People everywhere are asking, where is the Sudafed and Claritin D? Many of you have searched your local pharmacy shelves looking for the medication to relieve your stuffy nose and sinus pressure only to find empty shelves with a notice stating “Available at the Pharmacy Counter.”

Blame it on methamphetamine, aka meth, crank, or crystal meth.

As law enforcement officers have raided meth labs across the country, they come across certain products to make the drug, ether, methanol and, most importantly, ephedrine or pseudoephedrine. Those last two are the same used for nasal congestion! Without it, meth cannot be made.

So, in an effort to cut down on illegal manufacturing of meth, all products in the US containing pseudoephedrine have been placed behind the pharmacy counter with purchases being closely monitored. Rest assured, you’ll be able to get your medication. Just be sure to bring a photo ID!

Q: Hey, I’m trying to get pregnant, and I can’t afford those expensive fertility treatments. I was looking for something cheaper and a friend told me that taking Robitussin improves a woman’s fertility.

A: Like so many things I hear, there’s no proof that Robitussin or Mucinex, guaifenesin, improves fertility, but some women swear it helped them get pregnant. That said, here’s the theory behind how it works. Poor quality cervical mucus makes it tough for fertilization to occur. Guaifenesin supposedly thins cervical mucus and improves sperm’s ability to get to the egg. If you want to try it, it won’t hurt anything. You only need to take it from day five of your cycle until you ovulate, and you can try 200 mg three times a day. Side effects aren’t common with guaifenesin, but you may notice some mild nausea, diarrhea, or abdominal pain.

Q: I am diabetic, and I check my blood sugar twice a day. My wife goes ballistic if I don’t wash my hands every time. I keep trying to tell her it’s not that big a deal.

A: Actually, it is. Hand washing before monitoring can help prevent infection and improves accuracy of the results. For example, if you don’t wash your hands after handling fruit, it increases glucose levels. If washing your hand is too cumbersome, get an alcohol-based hand sanitizer. One downside is that alcohol evaporation can constrict blood vessels, making it harder to get a sample. Soap and water are still the best.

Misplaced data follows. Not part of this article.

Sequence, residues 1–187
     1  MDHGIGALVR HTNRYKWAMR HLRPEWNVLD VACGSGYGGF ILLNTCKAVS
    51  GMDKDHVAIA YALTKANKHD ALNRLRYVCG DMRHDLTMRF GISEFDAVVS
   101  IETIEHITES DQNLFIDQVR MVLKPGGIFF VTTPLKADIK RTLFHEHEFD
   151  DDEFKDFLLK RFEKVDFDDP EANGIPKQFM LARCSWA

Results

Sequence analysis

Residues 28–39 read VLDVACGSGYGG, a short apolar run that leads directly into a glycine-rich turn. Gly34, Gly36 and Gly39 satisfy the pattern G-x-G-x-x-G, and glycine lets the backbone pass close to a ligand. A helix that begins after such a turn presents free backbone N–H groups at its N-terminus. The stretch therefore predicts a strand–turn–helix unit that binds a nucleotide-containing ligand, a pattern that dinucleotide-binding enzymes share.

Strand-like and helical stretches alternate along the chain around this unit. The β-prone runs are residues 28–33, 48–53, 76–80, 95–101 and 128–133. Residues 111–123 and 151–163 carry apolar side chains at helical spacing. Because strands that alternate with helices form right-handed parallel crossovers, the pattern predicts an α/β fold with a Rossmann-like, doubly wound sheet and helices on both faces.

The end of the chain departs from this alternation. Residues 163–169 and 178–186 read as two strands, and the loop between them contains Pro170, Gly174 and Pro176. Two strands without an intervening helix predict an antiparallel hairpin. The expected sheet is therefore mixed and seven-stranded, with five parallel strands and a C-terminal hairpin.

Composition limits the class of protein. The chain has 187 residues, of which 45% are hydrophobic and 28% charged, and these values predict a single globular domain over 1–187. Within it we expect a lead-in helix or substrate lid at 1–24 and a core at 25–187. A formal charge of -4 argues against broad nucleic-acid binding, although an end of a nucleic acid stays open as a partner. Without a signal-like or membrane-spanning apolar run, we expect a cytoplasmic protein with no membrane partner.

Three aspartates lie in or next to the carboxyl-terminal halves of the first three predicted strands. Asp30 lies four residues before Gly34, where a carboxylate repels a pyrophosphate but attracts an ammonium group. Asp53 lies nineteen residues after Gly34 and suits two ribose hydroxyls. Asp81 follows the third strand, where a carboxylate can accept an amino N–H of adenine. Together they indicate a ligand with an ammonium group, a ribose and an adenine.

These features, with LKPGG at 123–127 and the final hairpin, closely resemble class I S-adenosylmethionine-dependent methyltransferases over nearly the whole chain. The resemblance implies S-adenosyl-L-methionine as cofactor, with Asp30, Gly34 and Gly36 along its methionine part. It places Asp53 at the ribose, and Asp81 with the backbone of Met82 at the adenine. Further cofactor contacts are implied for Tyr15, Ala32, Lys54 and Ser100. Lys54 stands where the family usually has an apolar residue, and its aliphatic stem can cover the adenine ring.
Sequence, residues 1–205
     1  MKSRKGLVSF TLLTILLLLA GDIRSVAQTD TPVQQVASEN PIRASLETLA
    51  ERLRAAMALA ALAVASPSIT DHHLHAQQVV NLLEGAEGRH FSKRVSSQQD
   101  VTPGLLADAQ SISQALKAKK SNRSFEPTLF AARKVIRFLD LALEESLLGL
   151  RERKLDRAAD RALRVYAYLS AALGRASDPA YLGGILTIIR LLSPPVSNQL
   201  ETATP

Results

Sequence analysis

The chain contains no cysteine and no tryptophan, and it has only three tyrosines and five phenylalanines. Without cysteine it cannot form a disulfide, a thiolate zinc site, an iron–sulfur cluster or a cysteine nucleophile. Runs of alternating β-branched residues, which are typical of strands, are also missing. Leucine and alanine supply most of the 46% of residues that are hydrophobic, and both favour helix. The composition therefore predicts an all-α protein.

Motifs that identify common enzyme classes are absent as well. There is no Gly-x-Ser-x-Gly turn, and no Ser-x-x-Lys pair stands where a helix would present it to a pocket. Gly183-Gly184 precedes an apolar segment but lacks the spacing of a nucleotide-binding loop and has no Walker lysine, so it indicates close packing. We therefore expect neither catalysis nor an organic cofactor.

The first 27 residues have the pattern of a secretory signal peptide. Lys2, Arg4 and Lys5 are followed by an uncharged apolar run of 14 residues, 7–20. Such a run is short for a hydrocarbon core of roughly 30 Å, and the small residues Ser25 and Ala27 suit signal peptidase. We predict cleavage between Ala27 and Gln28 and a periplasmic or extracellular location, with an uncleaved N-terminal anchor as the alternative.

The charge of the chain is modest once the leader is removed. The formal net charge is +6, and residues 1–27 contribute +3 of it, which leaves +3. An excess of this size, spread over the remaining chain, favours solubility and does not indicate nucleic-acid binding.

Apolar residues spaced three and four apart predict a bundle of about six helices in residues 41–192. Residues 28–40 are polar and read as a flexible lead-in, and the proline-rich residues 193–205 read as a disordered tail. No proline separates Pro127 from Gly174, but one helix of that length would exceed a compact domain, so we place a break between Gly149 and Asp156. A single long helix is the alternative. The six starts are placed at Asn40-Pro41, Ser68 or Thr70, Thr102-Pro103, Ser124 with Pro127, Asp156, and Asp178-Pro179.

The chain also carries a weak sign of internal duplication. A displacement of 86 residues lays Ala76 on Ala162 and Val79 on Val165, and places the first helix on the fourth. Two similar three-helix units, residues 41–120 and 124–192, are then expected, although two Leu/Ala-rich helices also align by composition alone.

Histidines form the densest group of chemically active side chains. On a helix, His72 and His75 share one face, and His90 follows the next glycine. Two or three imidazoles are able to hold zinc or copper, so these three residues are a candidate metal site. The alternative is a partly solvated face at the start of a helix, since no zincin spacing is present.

Q: I have high blood pressure, but I also take ibuprofen for my back, which acts up from time to time. Now I’m being told that my ibuprofen can increase my blood pressure.

A: Unfortunately, that’s true. This is especially a concern for those with uncontrolled blood pressure. Most NSAIDs (ibuprofen, etc) interfere with blood pressure control and are associated with an increase in cardiovascular risk. They may increase your blood pressure readings by approximately 3 to 5 mm Hg. Consequently, patients with cardiovascular risks are encouraged to start with nondrug therapies, such as physical therapy and exercise, weight loss, and heat or cold therapy, for pain. But you can continue to take ibuprofen if these measures aren’t enough. Just monitor your blood pressure.

Q: I have been having some pain in my elbow. I’m guessing it’s tennis elbow, because I play a lot of tennis with my sister. She was telling me that when I go to the doctor, I should ask about nitroglycerin patches. I thought nitroglycerin was for heart issues.

A: Your sister is right. Some sports medicine experts are using part of a nitroglycerin patch for chronic tendinopathy such as tennis elbow. The belief is that nitric oxide from nitroglycerin reduces pain and helps tendons heal. Nitroglycerin patches plus rehabilitation might reduce pain faster than rehab alone. But so you know, nitroglycerin patches are no magic bullet for tendon pain. Healing tendons takes months to years, and the pain may get worse before it gets better. Your best bet is rehab, applying ice or heat, avoiding aggravating activities, stretching, strength exercises, and using braces or orthotics depending on the site of the injury. You might want to use acetaminophen or short-term NSAIDs, such as ibuprofen or naproxen, for acute pain.

Nitroglycerin can cause headaches and low blood pressure. So, report any dizziness or weakness and use acetaminophen for headaches.
 

 

Dr. Daphne Bernard

Special to the AFRO